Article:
According to engineering requirements, experts and scholars have proposed different freezing pipes layout and studied their temperature field expansion, respectively. Among them, Yang and Pi [5] established a mathematical model of a single freezing pipe and studied the influence of parameters on its limit value; Zhou [6, 7] studied the closure time and temperature field of freezing pipes around the wellbore under seepage condition by numerical simulation and model test; Gao et al. [8] established the numerical model of double freezing pipes in fractured rock under the seepage flow and analyzed the influence of fracture on temperature field and seepage field; Li et al. [9] established a test system of double-row freezing pipes with quincunx arrangement under seepage condition, and the main factors of the frozen wall were studied by orthogonal test; Liu et al. [10] studied the frozen wall formation under horizontal flow with the pipes in rectangular layout and compared frozen thickness and closure time at upstream and downstream frozen wall. At present, the freezing scope of these projects is quite limited, and there is no case of applying AGF to large-scale underground projects.

Nowadays, China is continuously strengthening groundwater protection. As a pilot city for water resources reform [11], Beijing has imposed heavy taxes on the pumping of groundwater for construction projects. As a result, it has become very important to carry out research on no pumping (or less pumping) for large-scale underground engineering, and now AGF is believed to effectively solve the problem.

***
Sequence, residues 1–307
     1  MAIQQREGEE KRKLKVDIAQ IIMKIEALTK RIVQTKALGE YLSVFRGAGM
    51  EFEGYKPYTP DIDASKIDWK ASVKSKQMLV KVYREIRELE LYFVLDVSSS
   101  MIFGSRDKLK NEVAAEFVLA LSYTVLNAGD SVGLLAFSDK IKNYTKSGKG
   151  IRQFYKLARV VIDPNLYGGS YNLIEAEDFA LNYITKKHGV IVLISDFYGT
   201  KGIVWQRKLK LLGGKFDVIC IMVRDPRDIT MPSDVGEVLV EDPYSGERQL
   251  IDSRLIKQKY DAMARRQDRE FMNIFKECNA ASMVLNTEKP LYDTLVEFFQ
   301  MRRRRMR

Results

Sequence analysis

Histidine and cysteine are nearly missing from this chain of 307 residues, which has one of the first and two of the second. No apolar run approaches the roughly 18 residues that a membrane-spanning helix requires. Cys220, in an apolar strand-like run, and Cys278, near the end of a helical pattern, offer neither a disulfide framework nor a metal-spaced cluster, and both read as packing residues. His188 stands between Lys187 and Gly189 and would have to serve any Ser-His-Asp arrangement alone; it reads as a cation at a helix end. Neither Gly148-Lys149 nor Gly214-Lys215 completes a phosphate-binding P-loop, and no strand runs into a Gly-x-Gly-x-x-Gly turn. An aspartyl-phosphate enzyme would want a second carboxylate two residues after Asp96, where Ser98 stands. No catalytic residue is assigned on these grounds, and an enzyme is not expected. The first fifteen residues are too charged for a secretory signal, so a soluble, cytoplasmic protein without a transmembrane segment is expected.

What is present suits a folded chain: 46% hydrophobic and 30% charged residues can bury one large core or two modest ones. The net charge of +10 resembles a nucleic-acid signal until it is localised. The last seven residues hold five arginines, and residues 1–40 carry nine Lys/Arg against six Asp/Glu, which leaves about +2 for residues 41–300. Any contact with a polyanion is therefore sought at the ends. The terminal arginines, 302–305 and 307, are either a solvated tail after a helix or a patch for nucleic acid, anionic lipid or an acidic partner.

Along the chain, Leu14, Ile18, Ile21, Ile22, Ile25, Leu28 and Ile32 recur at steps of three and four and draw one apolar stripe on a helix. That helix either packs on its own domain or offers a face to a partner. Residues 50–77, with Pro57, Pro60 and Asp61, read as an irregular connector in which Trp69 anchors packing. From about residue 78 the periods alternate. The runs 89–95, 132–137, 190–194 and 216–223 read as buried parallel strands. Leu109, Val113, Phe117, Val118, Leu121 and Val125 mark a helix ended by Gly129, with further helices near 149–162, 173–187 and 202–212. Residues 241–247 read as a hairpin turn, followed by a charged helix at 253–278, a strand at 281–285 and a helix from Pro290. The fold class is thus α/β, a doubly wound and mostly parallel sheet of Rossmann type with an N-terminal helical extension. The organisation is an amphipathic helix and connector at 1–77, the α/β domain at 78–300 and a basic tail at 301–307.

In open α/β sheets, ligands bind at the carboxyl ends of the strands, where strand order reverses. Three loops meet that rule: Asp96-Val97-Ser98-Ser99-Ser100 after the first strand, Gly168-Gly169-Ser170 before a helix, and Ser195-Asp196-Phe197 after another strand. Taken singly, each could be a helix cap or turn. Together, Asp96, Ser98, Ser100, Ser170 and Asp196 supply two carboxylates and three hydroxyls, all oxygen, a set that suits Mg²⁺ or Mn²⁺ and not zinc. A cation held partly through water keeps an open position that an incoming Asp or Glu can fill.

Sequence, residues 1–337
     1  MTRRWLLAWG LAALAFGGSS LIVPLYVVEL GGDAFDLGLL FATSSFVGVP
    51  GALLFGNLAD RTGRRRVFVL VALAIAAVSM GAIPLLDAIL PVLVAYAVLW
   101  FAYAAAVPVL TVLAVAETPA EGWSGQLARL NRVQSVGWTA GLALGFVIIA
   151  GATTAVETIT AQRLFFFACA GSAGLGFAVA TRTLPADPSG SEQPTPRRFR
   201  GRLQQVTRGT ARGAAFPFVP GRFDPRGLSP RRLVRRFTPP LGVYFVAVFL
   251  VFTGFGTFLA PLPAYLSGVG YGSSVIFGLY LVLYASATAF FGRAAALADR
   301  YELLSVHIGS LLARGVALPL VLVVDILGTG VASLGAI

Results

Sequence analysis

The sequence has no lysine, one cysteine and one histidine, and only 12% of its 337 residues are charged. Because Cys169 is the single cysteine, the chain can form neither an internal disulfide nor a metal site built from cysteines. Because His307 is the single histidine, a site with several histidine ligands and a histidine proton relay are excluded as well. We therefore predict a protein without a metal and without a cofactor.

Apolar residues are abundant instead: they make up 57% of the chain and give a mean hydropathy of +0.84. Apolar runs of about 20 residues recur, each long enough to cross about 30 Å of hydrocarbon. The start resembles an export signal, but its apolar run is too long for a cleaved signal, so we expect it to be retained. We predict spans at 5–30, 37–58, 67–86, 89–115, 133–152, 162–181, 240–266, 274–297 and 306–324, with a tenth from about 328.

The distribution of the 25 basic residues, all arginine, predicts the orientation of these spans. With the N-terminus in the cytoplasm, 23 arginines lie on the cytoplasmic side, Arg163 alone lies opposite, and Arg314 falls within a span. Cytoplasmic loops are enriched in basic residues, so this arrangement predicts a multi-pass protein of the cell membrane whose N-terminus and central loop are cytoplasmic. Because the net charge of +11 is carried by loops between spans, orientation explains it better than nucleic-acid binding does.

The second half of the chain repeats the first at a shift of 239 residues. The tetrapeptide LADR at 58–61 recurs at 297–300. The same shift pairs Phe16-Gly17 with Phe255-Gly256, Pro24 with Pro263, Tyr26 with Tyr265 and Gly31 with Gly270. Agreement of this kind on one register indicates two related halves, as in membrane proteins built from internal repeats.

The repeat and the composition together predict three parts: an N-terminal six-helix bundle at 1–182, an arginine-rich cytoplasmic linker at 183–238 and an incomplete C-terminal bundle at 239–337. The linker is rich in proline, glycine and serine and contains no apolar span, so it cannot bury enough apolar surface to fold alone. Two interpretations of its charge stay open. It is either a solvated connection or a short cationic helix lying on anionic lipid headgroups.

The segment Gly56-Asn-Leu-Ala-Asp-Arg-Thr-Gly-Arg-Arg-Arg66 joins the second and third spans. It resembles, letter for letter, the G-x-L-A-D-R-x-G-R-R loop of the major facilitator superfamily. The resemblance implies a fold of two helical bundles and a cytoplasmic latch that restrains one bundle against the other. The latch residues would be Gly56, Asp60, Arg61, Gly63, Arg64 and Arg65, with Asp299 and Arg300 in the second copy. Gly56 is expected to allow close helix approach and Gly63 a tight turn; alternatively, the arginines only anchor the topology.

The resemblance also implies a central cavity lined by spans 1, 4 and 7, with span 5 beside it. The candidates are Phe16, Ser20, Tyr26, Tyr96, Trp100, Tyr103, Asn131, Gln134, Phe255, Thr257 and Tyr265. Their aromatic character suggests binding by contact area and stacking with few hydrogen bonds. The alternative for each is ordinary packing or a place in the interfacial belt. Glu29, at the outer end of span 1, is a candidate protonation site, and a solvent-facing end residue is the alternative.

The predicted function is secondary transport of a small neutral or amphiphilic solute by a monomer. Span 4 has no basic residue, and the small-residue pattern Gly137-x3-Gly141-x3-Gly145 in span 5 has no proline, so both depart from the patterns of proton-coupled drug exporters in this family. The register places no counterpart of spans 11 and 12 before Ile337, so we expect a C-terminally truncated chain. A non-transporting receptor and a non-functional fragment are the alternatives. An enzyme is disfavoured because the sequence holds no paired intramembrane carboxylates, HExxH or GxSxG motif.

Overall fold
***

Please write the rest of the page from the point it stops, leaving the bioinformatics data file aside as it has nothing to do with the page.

In this paper, based on the typical water-rich sandy gravel strata in Beijing, in order to solve the difficulty of large-scale underground engineering water proofing in urban sensitive areas, the formation and development of freezing body were analyzed when multirow freezing pipes were working together, and the group effect exhibited was also revealed. On this basis, the basin-shaped freezing method (BFM) is put forward as an application of AGF used in large-scale underground engineering; temperature field expansion of this method is carefully studied, especially freezing sequence of different positions of basin structure under different seepage conditions. It provides a basis for the application of BFM in underground engineering and has certain engineering significance.

2. Basin-Shaped Freezing Method

In traditional mine shaft construction, freezing pipes were arranged vertically around the wall to form a ring-shaped frozen wall to resist water and soil pressure, so, as for the bypass, the freezing pipes with nearly horizontal inclination are used to isolate groundwater between the two tunnels and form a frozen zone for construction. But, for large-scale underground engineering, these freezing methods are no longer applicable.

In order to explore the application of AGF in urban large-scale underground engineering, more freezing pipes are needed. When multiple rows of freezing pipes are working as a group, a horizontal frozen body can be formed as shown in Figure 1.